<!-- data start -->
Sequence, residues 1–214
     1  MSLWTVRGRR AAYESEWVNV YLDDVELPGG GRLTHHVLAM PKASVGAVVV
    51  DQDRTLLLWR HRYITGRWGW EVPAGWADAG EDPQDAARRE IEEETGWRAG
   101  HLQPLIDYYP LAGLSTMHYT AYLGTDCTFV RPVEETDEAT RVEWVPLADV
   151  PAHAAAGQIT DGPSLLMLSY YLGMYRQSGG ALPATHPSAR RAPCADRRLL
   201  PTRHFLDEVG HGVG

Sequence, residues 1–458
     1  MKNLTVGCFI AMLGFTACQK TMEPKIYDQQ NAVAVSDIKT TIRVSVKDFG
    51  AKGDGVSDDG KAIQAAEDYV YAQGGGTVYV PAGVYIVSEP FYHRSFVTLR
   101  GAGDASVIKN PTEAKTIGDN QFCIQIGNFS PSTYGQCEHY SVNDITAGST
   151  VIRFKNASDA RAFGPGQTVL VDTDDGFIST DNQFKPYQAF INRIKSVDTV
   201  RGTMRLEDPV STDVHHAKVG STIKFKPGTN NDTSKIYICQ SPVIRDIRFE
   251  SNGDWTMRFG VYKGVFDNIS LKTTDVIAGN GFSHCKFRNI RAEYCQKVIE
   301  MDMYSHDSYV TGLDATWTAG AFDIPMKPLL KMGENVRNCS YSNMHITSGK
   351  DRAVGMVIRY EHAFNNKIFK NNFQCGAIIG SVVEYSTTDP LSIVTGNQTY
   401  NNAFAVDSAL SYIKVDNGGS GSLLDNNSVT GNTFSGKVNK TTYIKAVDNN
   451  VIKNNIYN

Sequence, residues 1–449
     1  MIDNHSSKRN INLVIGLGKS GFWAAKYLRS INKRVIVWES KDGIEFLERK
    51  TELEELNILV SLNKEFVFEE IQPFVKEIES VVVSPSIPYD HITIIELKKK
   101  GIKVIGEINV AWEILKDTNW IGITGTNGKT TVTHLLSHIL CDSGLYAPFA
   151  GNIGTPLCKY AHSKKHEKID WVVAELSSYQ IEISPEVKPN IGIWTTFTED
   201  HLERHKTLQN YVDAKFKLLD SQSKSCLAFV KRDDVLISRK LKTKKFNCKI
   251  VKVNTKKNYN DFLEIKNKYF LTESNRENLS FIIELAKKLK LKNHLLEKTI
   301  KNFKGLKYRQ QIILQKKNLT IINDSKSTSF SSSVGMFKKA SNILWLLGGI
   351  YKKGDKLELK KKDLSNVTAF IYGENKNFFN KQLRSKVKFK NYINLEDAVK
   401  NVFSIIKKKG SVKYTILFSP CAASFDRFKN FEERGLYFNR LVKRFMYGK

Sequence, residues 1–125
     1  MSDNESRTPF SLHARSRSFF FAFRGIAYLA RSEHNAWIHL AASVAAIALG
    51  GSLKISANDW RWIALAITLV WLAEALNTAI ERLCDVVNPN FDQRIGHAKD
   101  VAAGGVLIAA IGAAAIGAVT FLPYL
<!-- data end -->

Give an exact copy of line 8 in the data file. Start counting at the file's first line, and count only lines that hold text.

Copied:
     1  MKNLTVGCFI AMLGFTACQK TMEPKIYDQQ NAVAVSDIKT TIRVSVKDFG